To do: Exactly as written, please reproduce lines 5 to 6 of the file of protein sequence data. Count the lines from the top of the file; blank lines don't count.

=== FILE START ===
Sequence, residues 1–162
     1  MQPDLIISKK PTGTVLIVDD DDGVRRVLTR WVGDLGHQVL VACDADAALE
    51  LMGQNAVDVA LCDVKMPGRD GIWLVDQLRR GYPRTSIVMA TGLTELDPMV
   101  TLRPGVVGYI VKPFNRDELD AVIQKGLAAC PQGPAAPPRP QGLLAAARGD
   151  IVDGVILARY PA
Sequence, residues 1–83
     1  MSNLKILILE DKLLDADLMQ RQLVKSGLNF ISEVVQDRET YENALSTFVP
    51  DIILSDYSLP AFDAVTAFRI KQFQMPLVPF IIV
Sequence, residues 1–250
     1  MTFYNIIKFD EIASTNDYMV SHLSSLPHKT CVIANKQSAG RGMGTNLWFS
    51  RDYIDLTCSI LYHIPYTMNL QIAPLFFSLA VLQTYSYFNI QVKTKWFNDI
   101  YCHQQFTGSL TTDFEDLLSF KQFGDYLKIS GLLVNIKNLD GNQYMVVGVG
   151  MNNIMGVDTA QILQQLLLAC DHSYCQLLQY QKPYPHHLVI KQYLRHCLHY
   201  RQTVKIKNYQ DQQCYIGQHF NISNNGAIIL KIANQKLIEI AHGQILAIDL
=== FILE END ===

   151  IVDGVILARY PA
Sequence, residues 1–83